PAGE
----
In Focus: Irrevocable Trusts

Many individuals are aware of the importance of creating a will to ensure that their property is properly managed and distributed after they die.  However, a well-conceived estate plan will also consider other important goals such as asset protection, avoiding probate, and minimizing estate tax consequences. With the advice and guidance an experienced will and trusts attorney, you can achieve these objectives by establishing an irrevocable trust.

What is an Irrevocable Trust?

Generally there are two types of trusts, revocable living trusts and irrevocable trusts. In a living trust, the person making the trust (the grantor), transfers property into the trust, but continues to manage it during his or her lifetime. A living trust can help you plan for incapacity, and provide instructions for the distribution of your assets. Most importantly, unlike a will, a living trust does not go through a probate proceeding.

A irrevocable trust is different in that it becomes effective during the grantor’s lifetime and cannot be amended or modified. In this arrangement, the grantor permanently relinquishes ownership of the property, and designates a trustee to manage the assets for the benefit of the beneficiaries. The advantages of an irrevocable trust are (1) the property is not subject to estate taxes, (2) the trust is not required to be probated, and (3) the trust property will be protected from creditors

There are a variety of irrevocable trusts, including:

  • Bypass Trusts — In this arrangement, property of the spouse who dies first is transferred into a trust for the benefit of the surviving spouse. Because that spouse does not own the property, it is not included in his or her estate and therefore not subject to estate taxes.
  • Special Needs Trusts — Individuals who rely on public benefits such as Medicaid, Medicare or Social Security Disability, could forfeit these benefits if they receive an inheritance. A Special needs trust sets funds aside for day-to-day expenses of the beneficiary, but preserves his or her eligibility for public benefits.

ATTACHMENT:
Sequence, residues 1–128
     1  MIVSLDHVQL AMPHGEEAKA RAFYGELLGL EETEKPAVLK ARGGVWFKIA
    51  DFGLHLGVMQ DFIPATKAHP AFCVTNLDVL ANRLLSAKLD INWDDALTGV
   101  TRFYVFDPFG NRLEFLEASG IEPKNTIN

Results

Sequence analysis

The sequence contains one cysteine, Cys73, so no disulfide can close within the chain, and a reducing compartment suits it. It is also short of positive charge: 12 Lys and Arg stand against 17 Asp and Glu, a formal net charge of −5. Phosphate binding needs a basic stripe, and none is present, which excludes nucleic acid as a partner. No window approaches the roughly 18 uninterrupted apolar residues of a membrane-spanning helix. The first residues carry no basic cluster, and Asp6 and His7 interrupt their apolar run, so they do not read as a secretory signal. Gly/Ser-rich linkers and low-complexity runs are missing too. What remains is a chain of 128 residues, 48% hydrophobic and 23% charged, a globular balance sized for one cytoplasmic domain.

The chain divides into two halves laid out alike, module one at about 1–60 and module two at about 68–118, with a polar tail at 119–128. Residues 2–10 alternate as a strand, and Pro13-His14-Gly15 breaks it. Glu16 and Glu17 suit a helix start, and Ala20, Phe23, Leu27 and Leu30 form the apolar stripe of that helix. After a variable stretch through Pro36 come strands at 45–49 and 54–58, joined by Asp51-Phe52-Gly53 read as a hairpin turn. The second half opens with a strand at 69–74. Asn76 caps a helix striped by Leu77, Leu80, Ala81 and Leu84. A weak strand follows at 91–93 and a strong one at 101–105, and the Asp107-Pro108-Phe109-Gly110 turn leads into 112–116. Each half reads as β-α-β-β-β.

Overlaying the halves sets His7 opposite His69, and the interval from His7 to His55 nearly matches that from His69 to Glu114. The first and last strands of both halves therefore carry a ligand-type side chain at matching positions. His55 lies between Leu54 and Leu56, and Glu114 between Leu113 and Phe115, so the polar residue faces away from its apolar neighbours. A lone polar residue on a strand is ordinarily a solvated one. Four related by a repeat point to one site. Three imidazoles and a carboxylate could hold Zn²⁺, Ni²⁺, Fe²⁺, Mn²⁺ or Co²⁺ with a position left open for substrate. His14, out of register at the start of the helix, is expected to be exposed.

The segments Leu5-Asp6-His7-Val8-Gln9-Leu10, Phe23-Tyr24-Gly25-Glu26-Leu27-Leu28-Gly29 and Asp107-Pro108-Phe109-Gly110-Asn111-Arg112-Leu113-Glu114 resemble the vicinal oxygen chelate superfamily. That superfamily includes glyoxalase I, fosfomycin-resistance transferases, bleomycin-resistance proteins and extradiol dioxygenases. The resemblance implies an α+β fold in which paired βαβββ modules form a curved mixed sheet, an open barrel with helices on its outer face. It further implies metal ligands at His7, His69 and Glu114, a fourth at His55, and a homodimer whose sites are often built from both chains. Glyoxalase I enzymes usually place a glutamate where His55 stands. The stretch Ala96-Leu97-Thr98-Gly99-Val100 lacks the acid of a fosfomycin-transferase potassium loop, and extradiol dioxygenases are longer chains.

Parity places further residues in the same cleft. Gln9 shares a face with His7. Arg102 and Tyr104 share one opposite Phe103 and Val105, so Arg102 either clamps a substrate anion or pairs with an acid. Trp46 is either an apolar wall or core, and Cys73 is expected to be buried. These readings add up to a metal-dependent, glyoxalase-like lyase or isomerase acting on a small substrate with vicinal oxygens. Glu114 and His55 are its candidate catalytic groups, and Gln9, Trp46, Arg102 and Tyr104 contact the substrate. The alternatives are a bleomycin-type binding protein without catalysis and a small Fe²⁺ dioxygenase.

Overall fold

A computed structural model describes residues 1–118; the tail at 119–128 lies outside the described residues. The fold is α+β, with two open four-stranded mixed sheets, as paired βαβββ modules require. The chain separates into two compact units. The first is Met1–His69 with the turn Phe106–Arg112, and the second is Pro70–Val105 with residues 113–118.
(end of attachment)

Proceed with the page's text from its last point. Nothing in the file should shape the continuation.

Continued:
• Life Insurance Trusts — Although the proceeds of a life insurance policy are passed to the beneficiaries outside of an estate, the value of the policy is included in the estate for tax purposes. A Life insurance trusts takes ownership of the the policy, removes the proceeds from the estate and, therefore, minimizes estate taxes.
  • Charitable Trusts — By combining gifting with charitable donations, these trusts can reduce the grantor’s income and minimize estate taxes. In a charitable remainder trust for example, the grantor names another individual to receive trust income for a set period of time, afterwhich a charity is designated as the final beneficiary.
  • Spendthrift Trusts -– Designed to protect the assets passed to “troubled heirs,” such as  individuals who are incapable of managing their finances, have drug, alcohol or gambling issues, or being pursues by creditors. In a spendthrift trust, a trustee manages the funds, purchases goods and services for the beneficiary, makes payments directly to landlords and creditors, or distributes proceeds to the beneficiary in increments as needed.

The Takeaway

By establishing irrevocable trusts you can achieve a number of financial objectives, shield your assets from taxes and creditors, and protect your loved ones. At the same time, these are complex estate planning tools that are best prepared by an experienced wills and trusts attorney.